Bangui — Cardinal Dieudonné Nzapalainga, Archbishop of the Catholic Archdiocese of Bangui has called on Muslims and Christians to work together for peace.
"Our aim is to have a united Central Africa, where Christians and Muslims live in peace," said Cardinal Nzapalainga September 6 during the launch of Central African Religious Confessions Platform (CARCP).
"We have always refused to say that anti-Balakas are Christians. They are killers, point. That is why we have created the platform in order to affirm the unity of our religions," he added.
Speaking during the same function, Imam Oumar Kobine Layama said that it was important the country focuses more on what unites the nation presently and in future to avoid further bloodshed.
"It is our job to give value to what unites us and not to what divides us", Fides quoted imam Kobine as saying.
He noted that they can contribute to "disarming the souls" but the intervention of the international community is needed to ensure security which is still precarious.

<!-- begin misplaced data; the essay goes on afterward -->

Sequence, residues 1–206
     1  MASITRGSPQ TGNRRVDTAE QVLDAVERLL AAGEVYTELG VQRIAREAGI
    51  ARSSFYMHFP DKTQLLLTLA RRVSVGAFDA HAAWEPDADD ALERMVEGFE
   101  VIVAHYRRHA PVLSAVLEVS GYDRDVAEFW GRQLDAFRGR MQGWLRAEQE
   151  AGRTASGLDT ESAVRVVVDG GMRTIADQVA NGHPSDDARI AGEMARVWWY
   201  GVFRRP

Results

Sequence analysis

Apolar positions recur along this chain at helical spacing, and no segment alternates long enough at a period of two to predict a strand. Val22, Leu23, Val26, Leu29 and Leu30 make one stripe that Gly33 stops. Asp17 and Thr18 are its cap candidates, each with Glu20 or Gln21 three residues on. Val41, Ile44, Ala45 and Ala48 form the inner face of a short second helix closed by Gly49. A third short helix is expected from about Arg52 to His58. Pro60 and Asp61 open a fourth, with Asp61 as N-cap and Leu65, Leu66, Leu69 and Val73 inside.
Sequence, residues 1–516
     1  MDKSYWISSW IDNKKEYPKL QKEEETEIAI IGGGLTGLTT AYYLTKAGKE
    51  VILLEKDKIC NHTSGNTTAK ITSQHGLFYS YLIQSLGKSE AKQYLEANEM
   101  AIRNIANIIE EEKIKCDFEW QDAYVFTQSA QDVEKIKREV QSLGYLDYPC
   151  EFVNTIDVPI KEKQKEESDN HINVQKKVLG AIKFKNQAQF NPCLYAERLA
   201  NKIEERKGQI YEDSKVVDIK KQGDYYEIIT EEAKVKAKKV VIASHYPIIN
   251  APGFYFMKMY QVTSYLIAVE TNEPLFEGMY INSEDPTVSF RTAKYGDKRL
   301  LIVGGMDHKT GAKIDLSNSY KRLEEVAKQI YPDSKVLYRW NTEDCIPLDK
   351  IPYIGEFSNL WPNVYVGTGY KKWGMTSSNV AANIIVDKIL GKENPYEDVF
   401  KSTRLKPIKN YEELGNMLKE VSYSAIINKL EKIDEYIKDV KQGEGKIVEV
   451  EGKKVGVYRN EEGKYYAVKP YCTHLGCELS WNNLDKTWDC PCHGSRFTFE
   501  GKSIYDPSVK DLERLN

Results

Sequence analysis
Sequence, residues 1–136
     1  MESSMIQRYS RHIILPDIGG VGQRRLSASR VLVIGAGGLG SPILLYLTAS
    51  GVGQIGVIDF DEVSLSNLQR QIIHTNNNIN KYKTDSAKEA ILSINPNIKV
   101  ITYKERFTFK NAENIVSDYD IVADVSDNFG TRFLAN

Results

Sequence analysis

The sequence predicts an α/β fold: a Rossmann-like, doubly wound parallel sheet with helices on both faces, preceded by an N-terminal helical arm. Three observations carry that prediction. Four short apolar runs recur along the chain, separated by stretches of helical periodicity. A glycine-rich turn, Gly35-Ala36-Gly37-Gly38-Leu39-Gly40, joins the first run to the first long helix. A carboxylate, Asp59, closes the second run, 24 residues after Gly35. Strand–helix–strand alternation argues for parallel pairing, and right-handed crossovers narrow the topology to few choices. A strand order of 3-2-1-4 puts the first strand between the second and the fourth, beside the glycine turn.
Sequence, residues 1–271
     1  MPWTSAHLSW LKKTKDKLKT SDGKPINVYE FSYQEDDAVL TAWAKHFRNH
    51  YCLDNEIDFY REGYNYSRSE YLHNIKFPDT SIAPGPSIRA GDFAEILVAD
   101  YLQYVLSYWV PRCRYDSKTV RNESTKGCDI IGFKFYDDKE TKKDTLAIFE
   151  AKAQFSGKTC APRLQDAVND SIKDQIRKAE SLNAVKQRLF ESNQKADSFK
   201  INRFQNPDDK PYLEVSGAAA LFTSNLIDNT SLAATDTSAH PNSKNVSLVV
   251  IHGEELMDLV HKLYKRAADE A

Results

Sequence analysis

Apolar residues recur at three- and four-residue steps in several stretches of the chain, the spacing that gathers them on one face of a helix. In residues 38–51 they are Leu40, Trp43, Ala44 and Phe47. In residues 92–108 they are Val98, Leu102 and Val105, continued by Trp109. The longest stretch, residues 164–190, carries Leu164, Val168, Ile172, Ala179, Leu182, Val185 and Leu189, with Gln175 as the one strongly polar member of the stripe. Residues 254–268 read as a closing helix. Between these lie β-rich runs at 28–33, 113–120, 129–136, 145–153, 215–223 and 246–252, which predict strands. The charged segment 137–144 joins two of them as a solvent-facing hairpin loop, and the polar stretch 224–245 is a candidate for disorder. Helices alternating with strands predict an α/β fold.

80 percent of the 4.6 Million people in CAR are Christians (half Catholics and half Protestants) with 20 Percent being Muslims.
CAR was pitched into a war between Muslim and Christian militias in 2013, unleashed when President Francois Bozize, a Christian, was overthrown by a coalition of Muslim-majority rebel groups called the Seleka.
The groups on both sides are now fighting for control of natural resources, including gold and diamonds, as well as regional influence after a conflict that saw half a million people flee the country of 4.5 million.
In recent weeks, at least 60 people have been killed -- including at least six aid workers from a local branch of the Red Cross -- in fighting between armed groups in Ngaoundaye and Batangafo in the north, Kaga-Bandoro in the centre and Alindao and Gambo to the south, AFP reported.